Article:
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Virology. 1998 May 10;244(2):273-82.

Characterization of age- and dose-related outcomes of duck hepatitis B virus infection.

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Infectious Diseases Laboratories, Institute of Medical and Veterinary Science, Adelaide, Australia.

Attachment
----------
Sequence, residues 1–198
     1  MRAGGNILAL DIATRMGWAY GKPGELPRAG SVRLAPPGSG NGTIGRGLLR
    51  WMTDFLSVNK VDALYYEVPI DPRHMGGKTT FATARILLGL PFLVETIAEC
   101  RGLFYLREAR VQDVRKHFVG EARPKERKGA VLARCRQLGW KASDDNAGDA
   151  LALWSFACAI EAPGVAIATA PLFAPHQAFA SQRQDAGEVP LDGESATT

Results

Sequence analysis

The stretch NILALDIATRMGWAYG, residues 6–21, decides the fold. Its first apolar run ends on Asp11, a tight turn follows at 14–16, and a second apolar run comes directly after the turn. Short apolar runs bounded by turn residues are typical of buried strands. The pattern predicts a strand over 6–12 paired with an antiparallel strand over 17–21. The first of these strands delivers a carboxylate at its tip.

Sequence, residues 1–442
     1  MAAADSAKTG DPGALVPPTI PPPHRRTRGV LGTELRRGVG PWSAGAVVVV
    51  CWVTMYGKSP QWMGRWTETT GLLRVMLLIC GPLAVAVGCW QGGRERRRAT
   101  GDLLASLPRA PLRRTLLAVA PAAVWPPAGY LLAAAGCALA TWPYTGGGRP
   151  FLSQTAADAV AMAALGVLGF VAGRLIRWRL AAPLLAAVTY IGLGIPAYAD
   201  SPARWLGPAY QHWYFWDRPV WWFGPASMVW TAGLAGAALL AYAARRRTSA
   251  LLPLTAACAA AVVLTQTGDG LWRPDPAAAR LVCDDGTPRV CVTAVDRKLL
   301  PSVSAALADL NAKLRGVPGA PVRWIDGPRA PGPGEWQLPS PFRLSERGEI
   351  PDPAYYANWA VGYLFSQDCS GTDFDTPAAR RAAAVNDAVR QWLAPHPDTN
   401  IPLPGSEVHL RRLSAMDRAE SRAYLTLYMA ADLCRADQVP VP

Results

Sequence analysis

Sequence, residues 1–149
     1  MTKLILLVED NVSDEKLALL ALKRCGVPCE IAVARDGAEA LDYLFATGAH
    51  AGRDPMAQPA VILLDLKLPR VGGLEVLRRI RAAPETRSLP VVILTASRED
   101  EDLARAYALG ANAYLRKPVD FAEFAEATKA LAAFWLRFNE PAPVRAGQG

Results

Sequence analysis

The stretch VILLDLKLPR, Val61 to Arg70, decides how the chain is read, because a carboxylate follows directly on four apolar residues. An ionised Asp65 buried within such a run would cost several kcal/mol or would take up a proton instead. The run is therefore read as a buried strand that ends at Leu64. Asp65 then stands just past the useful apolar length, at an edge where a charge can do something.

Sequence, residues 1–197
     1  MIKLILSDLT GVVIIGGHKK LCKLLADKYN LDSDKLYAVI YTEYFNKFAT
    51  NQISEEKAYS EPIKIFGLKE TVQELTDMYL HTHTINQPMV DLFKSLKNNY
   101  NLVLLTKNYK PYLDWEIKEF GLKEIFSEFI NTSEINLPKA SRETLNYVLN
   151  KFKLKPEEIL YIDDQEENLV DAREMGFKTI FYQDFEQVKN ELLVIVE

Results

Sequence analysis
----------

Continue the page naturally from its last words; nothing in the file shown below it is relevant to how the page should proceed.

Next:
Experimental inoculation of naive ducks with duck hepatitis B virus (DHBV) can lead to one of three outcomes, namely, persistent viremia, transient infection with or without viremia, or no evidence of infection. The ability of individual ducks to resolve DHBV infection was found to be linked to the age of the duck at the time of inoculation and the dose of inoculated virus. (1) In recently hatched ducks inoculated intravenously (i.v.) with 4 x 10(4) DHBV DNA genomes, a switch from persistent viremia to transient antibody appearance was seen at an age of inoculation between 7 and 14 days. A 25-fold increase in the dose of virus (1 x 10(6) DHBV genomes) delayed this switch by 7 days. (2) When 4-month-old ducks were inoculated i.v. with different doses of virus, only those receiving the highest dose (2 x 10(11) DHBV genomes) showed viremia and extensive viral replication and histological changes in the liver; 2/3 ducks in this group had a transient infection, while the third duck had viral replication and histological changes in the liver that were still present at day 120 postinoculation (p.i.). In all ducks receiving lower doses (1 x 10(3), 1 x 10(6), 1 x 10(9) DHBV genomes) antibodies to viral surface and core antigens developed without detectable viral replication in the liver on days 6, 9, or 12 p.i. (3) When 10- to 16-month-old ducks were inoculated i.v. with 2 x 10(11) DHBV genomes, all showed extensive viral replication in hepatocytes and mild to moderate histological changes in the liver on days 4 or 6 p.i. In 4/5 ducks viremia was not detected, anti-surface antibodies were first detected on day 8 p.i., and viral DNA and antigen were cleared from the liver by days 35-47 p.i. The remaining duck became viremic with persistence of virus in the liver until at least day 46 p.i. The findings of the study are consistent with a model for noncytopathic viruses (R. M. Zinkernagel (1996) Science 271, 173-178).

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